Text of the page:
Sprint Contenders Head From Track to Sales Ring
Updated: Thursday, October 24, 2002 12:50 PM
Posted: Thursday, October 24, 2002 12:50 PM
Regardless of how they run in the NAPA Auto Parts Breeders' Cup Sprint Saturday, two logical contenders will be offered just one week later at the Fasig-Tipton Kentucky November sale.
Disturbingthepeace, a 4-year-old gelded son of Bold Badgett, assumed the mantle of top sprinter on the West Coast this summer, winning three consecutive grade II races, beating speedsters like Kona Gold and Freespool. He is currently riding a six-race winning streak. Disturbingthepeace was bought last year by trainer Darrell Vienna for owners David and Rita Milch as part of a group of horses sold by Old English Rancho, a California breeding operation. David Milch, however, is planning to disperse his stock Nov. 3 at Fasig-Tipton. Disturbingthepeace is now his most accomplished runner, but it remains to be seen how feverish the bidding will be for him. Milch has recently indicated that he does not intend "to give him away." Whether that means the mercurial Milch will remain in the game of owning horses remains to be seen.
Last year's champion 3-year-old filly, Xtra Heat, who finished a thrilling second in the 2001 Breeders' Cup Sprint, has also been entered in the Fasig-Tipton sale by owners John Salzman Sr., Ken Taylor, and Harry Deitchman. Trainer Salzman purchased the daughter of Dixieland Heat for $5,000 two years ago, and has conditioned her to more than $2.2 million in earnings coming into the 2002 edition of the Sprint. These owners, likewise, aren't planning to give the crack sprinter away. Her reserve is said to hover around the $2-million mark.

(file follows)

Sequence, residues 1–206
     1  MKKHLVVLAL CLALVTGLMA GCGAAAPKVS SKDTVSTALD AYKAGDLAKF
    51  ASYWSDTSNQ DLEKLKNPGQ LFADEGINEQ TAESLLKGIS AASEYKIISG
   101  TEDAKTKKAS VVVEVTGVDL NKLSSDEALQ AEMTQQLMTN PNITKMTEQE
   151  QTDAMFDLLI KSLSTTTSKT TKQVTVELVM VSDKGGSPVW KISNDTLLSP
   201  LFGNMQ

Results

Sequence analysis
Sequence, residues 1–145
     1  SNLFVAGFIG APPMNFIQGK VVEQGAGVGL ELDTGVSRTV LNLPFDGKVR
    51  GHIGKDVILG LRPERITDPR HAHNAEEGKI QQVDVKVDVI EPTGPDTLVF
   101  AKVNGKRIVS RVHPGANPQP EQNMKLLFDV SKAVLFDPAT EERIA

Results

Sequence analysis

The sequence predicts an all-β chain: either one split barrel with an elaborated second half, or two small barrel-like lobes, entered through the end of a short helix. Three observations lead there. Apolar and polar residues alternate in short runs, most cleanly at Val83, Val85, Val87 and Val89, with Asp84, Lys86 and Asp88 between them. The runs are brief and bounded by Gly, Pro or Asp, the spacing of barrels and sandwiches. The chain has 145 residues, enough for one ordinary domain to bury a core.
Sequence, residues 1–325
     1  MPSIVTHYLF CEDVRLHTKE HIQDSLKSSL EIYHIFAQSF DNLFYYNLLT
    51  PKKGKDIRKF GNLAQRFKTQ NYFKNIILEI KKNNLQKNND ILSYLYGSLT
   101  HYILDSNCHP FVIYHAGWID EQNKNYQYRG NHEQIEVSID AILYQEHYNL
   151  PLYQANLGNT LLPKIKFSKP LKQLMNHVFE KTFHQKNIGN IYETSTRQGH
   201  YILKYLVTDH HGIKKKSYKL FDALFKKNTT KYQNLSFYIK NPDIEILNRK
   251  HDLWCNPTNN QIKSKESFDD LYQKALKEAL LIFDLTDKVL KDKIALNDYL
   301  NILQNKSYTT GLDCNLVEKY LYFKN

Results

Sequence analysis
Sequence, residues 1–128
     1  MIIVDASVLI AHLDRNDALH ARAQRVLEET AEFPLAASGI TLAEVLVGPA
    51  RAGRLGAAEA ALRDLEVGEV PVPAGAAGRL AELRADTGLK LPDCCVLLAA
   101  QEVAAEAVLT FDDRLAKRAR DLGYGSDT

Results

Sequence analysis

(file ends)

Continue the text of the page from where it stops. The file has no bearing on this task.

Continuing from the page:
Taylor, who owns an investment company, takes a business-like approach to the emotional question of bidding farewell to Xtra Heat. "This was our plan all along, it's what we do -- buy horses, race them, and then sell them, hopefully at a profit," Taylor noted. "We have no interest in getting into the breeding business. If you make the wrong moves and get the wrong crosses and she doesn't produce, you really hurt yourself and the mare."
"We'll leave the breeding to the big boys," added Salzman. "We'll never get another one like her, but we don't have all the money in the world to get into breeding. We've done well with her and now we all have to go on."
If Xtra Heat doesn't bring their price, however, the ownership could well race Xtra Heat next year in her 5-year-old season. She enters the Sprint on a three-race winning streak, including beating the boys at Keeneland in the Phoenix Breeders' Cup (gr. III) in her final tune-up Oct. 5. She came within a half-length of Squirtle Squirt a year ago in the Sprint.
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